By Edysmar Diaz-Cruz

“We are free in electronic music, that's what it's about. You can be what you are. You will be nurtured in electronic music.”

Aerotek may have been in the music industry for quite some time, but his music -- whether you’re experiencing it in the comfort of your home or in a crowd of thousands of people -- is refreshing. Formally known as Stefano Giangrandi, Aerotek considers himself an old school DJ and his passion for electronic certainly runs deep.

A master of aural storytelling, Aerotek is constantly honing his craft. As the chile-born, multi-genre electronic music artist opens up to Narrow Magazine, he hints at the release of new music while he reflects on the evolution of EDM and what drew him to it:

Tell me a little bit about yourself and how you got started.

I heard electronic music for the first time in ‘98 -- and I was captivated. It was magic. I started producing my own music when I was about 13, maybe 14. And I started playing live when I was like 16. At first I started playing because I thought it would be a way to promote my music. But eventually, I realized that it was much more than just promoting music. It was a whole new art form, which I fell in love with.

What does Aerotek mean?

It’s a conjunction of two Greek words. “Aero” means air and “Tek” comes both Techne and Technolos. Techne means the world of ideas, of creativity. Technolos is technology. Air, technology, ideas. Music goes through the air. It felt appropriate, and people seem to love it.

You started in Chile. What brought you to the United States?

I’m going to start at the beginning of the story: I had been playing Chile for quite a while. Then I got a booking for Ultra Chile. It was amazing. For the first time, I was able to play in such a big festival, one of the festivals that I loved the most. I played my set. And when I finished, one of the producers of the event came over. And he wanted to talk to my manager. At the time, I didn't have a manager. So he went over to my dad and told him that he was very impressed by my music, and that he wanted to keep working with me. And he invited me to the States. This man is now my manager, and my friend.

What is the electronic dance music scene like in Chile? Over the years, EDM has been very popular in the States and especially in Europe, but I never really experienced South American EDM.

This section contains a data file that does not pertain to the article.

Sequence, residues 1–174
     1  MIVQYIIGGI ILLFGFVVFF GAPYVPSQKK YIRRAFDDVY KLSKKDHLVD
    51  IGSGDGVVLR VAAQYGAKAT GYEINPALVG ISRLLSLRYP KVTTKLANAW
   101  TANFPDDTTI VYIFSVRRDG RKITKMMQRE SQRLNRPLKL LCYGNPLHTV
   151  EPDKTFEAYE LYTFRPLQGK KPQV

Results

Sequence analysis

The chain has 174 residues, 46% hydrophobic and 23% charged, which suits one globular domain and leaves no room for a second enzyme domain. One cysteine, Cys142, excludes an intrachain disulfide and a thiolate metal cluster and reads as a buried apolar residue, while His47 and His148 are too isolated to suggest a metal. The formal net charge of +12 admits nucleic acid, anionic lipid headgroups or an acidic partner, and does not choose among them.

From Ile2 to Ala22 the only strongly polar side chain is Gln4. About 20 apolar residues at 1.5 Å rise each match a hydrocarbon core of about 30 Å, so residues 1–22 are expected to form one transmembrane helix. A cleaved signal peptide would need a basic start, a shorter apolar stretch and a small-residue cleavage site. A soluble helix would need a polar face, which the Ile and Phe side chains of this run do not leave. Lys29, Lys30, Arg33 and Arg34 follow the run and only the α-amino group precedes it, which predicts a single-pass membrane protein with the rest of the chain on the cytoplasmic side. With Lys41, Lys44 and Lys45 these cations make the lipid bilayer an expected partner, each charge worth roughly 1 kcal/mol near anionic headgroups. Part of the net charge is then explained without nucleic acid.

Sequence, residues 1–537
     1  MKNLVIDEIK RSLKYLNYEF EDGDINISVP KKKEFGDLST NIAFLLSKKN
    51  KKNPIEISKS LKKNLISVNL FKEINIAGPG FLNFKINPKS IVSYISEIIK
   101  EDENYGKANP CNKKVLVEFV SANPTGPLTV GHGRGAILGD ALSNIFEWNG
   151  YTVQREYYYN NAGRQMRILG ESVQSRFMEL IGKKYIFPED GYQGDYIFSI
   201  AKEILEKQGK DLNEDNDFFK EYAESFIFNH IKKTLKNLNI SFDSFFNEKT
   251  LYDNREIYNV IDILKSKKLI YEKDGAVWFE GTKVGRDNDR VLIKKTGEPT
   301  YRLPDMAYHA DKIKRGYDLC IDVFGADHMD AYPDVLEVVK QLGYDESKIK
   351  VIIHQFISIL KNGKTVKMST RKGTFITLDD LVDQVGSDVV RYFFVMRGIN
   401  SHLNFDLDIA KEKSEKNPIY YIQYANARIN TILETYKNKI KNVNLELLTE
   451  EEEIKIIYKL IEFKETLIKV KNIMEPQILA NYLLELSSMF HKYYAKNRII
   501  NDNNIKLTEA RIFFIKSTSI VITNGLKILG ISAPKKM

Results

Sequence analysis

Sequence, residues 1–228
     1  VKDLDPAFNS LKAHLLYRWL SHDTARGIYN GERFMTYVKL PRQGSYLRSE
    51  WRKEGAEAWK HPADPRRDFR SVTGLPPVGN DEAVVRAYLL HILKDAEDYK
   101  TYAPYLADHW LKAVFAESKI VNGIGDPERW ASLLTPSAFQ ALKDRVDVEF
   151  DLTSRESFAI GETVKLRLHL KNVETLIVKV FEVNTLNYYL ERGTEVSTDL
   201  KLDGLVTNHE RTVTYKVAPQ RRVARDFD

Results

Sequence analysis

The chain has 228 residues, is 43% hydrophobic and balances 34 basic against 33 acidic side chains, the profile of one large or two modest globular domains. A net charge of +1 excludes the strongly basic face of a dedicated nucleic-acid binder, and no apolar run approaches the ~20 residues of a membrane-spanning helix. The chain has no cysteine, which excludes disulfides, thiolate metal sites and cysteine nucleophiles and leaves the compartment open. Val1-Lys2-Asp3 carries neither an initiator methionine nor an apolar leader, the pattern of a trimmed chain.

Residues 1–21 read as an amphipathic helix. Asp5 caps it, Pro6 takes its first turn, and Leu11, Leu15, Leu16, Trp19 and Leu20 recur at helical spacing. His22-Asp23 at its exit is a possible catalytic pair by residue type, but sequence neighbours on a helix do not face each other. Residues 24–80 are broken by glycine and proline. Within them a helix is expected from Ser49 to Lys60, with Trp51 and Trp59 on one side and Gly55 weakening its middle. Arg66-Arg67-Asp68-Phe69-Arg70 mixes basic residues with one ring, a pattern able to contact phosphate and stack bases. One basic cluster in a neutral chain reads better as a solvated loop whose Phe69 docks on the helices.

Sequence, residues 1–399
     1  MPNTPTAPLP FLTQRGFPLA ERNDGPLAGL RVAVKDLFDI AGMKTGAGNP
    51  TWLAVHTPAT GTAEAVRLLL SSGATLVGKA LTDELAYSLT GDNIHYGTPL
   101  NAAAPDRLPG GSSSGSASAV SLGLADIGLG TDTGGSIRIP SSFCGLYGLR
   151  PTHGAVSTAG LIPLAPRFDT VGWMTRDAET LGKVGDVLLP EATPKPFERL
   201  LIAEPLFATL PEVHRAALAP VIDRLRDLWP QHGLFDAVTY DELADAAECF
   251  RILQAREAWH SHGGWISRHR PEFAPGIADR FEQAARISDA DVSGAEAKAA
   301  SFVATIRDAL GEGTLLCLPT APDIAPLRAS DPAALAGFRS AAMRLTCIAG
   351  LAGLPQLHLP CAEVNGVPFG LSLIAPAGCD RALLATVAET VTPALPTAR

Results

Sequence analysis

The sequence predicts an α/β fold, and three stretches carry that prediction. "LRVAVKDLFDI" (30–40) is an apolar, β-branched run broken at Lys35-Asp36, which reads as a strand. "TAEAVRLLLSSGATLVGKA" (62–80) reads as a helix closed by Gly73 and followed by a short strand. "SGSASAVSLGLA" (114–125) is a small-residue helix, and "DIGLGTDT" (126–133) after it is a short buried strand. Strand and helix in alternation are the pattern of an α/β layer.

I'm very proud to say that I have been one of the most important recording musicians in Chile. And I have seen it grow, and I have helped nurture it as much as my fans have nurtured me. It's been quite a ride. I can tell you is that the scene is kept alive by a really strong core of supporters.

What’s your favorite restaurant?

Anything Colombian. If you go to Colombia and get Colombian food, then you go to a restaurant here in the States, you’re probably going to have the same dish. The spices are different. Some of the ingredients might be different. But most importantly, the people that make those experiences are different as well. The chef is different. The way it's cooked is different. And I think that's the main difference between Chile and the United States, the people creating your experience.

What about over time? Do you think the EDM industry has changed in general?

The music has changed drastically. When I was a kid, John Digweed was the number 1 DJ. He did old school house. The sound back then was very different from what it is now. What I've seen is a shift towards novelty. Without forgetting the roots of where we come from, house music is as big as ever. Trance music is still there. It seems like we added stuff like dubstep and electro. House was revisited and became future house, which is extremely interesting as well. And we have new people, new faces. Of course, Oliver Heldens wasn't around years ago. Martin Garrix, I don't think he was even born. And Marshmello didn't exist either.

A lot of people don’t really understand electronic music. What drew you to it and why do you enjoy it?

I enjoy electronic music because it’s different. When I first heard it, I remember the first thing that I thought was What the hell is this? What is it? How do they make this, I have never heard something so beautiful before. So strange and different. I think diversity is at the core of electronic music. Historically, electronic music has always been supported by the minorities -- the gay community, the goth community. All of the outcasts of society. They were very instrumental in the confirmation of electronic music.

The guys who are gamers, the guys who are loners, the guys who feel that they are different, those are my people.

Do you think these core supporters of EDM are still around? Or has the crowd changed?

Electronic music has effectively gone mainstream, which is not a bad thing. Some people say it's a bad thing. I think it's a marvelous thing. At the core, I still think that the same important people are there -- the misfits, the guys who dress funky. If you go to a festival or something, you're going to see raver girls dressed like elves, almost naked, and they don't care. And nobody cares. This is our world. Not theirs. Not the guys who are criticizing us. We are free in electronic music, that's what it's about. You can be what you are. You will be nurtured in electronic music.

dave kosciolek